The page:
The Flow Cytometry Core at NEI provides flow cytometry analytical and sorting equipment and services to the NEI Intramural community. It utilizes and develops state-of-the-art sample preparation, data acquisition and analysis, and sorting procedures in collaborative research projects. Provides training to students, fellows, and principal investigators on sample preparation, staining, and post-sort handling. Assesses technical research needs and recommends recruitment of the appropriate staff and acquisition of the equipment needed to meet those needs. The MoFlo Cell Sorter was transferred from the National Cancer Institute. OPERATION OF THE CORE: This year, forty eight individuals from thirteen different laboratories used the facility. These services and collaborative services were performed for 8 Principal Investigators (PIs) from 8 NEI labs (ERPD, LI, LMDB, LRCMB, MSF, N-NRL, OCD and OGVFB), plus 3 PIs from 3 other institutes at NIH (NCI, NICHD, and NINDS). Over 16,000 samples were analyzed. Several users received training on data acquisition using the FACSCaliburs. This year the core performed over 1,600 hours of sorting. Among the techniques now in use within the core are methods for phenotyping live cells, detecting gene expression, monitoring membrane and DNA content changes due to apoptosis, measurement of intracellular proteins and quantification of soluble proteins. The work involving human tissues includes the sorting of peripheral blood mononuclear cells to study their cytokine production, genotype and DNA or RNA expression. The sources are blood, buffy coat, and white cells. Limited analytical work had been done with eye fluids, eye tissue specimen, protein, and tears. No tissues were stored by the core. TRAINING: The creation of the Technical IRTA position has had a very positive effect on the Core operation. There is a great need for well-trained flow cytometry operators. Through the TechIRTA, the hours of operation of the facility have been expanded from 40 hr/week to 60 hr/week. The expanded hours of operation helped to reduce the backlog on the sorter schedule. The TechIRTA position has had a crucial role in the ability of the Core to use the cell sorter for high throughput multicolor analysis. This year the core hosted a summer student from the Diversity In Vision Research and Ophthalmology (DIVRO) summer internship program. The student work in identification of stem cells in the eye. Several formal training sessions were offered by the core to the NEI community. These courses included: Introduction to Flow Cytometry, Basics of Flow Cytometry, Luminex sample preparation, data acquisition and analysis and FACSCalibur Operation. The Core Manager completed 48 hours of continuing education in flow cytometry and 12 hours of training in management of Core facilities. The technical IRTA completed 40 hours of training outside the Institute.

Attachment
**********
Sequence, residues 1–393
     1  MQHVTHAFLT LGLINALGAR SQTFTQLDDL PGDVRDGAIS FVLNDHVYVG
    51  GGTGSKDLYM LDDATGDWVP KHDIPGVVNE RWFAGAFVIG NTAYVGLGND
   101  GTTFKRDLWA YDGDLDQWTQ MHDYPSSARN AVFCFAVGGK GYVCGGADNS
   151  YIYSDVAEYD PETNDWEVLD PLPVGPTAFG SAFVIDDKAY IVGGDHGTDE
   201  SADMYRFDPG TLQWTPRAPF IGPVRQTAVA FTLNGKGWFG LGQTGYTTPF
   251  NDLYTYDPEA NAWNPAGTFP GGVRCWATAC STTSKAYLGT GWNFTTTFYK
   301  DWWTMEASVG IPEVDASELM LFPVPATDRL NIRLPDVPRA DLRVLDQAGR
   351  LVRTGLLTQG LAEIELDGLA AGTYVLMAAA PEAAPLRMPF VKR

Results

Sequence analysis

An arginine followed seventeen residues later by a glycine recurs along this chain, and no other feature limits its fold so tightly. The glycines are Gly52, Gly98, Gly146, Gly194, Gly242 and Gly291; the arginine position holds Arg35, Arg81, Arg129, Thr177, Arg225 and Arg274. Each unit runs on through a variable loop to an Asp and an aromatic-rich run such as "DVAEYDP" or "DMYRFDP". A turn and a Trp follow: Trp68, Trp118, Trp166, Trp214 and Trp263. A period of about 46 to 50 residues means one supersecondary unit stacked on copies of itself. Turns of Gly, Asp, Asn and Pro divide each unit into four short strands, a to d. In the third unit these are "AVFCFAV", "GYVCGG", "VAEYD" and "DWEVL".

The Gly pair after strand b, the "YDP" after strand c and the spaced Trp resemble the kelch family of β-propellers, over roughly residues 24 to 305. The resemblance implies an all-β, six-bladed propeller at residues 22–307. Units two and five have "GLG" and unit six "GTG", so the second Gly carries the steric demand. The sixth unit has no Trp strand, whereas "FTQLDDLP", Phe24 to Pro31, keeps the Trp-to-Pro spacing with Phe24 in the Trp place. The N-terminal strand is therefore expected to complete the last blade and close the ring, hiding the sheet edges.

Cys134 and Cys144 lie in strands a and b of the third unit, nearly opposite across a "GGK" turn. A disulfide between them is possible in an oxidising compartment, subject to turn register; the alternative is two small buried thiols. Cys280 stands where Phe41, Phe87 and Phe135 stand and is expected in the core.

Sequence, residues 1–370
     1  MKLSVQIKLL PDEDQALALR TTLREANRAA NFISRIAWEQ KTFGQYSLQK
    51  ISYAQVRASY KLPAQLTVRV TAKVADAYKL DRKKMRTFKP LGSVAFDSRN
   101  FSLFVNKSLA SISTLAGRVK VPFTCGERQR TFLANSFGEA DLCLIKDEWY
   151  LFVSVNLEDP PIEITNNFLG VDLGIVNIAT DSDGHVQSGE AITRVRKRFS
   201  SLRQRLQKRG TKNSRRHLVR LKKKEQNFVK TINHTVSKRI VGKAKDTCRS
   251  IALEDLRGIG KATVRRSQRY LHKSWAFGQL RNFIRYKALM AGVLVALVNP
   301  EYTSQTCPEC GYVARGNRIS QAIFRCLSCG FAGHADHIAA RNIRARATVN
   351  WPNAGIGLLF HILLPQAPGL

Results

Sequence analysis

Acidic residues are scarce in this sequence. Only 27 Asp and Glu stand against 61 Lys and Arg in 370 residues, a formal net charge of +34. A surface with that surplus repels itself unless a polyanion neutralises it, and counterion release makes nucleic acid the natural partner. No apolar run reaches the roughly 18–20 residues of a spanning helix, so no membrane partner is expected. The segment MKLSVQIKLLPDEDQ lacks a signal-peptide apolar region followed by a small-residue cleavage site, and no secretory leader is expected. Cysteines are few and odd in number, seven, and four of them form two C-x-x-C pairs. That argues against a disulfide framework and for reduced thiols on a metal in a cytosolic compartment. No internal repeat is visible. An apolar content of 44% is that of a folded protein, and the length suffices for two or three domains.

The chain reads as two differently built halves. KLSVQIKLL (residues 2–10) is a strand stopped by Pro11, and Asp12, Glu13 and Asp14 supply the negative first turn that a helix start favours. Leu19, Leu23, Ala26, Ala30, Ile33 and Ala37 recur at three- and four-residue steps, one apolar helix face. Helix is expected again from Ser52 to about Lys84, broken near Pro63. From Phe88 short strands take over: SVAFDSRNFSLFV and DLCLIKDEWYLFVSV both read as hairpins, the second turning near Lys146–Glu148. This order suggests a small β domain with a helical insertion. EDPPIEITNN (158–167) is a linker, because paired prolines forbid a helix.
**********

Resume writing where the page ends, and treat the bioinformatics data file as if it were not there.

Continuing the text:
Agency
National Institute of Health (NIH)
Institute
National Eye Institute (NEI)
Type
Scientific Cores Intramural Research (ZIC)
Project #
1ZICEY000457-05
Application #
8557108
Study Section
Project Start
Project End
Budget Start
Budget End
Support Year
5
Fiscal Year
2012
Total Cost
$225,122
Indirect Cost
Name
U.S. National Eye Institute
Department
Type
DUNS #
City
State
Country
Zip Code
St Leger, Anthony J; Desai, Jigar V; Drummond, Rebecca A et al. (2017) An Ocular Commensal Protects against Corneal Infection by Driving an Interleukin-17 Response from Mucosal ?? T Cells. Immunity 47:148-158.e5
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Kielczewski, Jennifer L; Horai, Reiko; Jittayasothorn, Yingyos et al. (2016) Tertiary Lymphoid Tissue Forms in Retinas of Mice with Spontaneous Autoimmune Uveitis and Has Consequences on Visual Function. J Immunol 196:1013-25
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Chong, Wai Po; Ling, Man To; Liu, Yinping et al. (2013) Essential role of NK cells in IgG therapy for experimental autoimmune encephalomyelitis. PLoS One 8:e60862
Wang, Yujuan; Shen, Defen; Wang, Vinson M et al. (2012) Enhanced apoptosis in retinal pigment epithelium under inflammatory stimuli and oxidative stress. Apoptosis 17:1144-55
Zhou, Ru; Horai, Reiko; Silver, Phyllis B et al. (2012) The living eye ""disarms"" uncommitted autoreactive T cells by converting them to Foxp3(+) regulatory cells following local antigen recognition. J Immunol 188:1742-50

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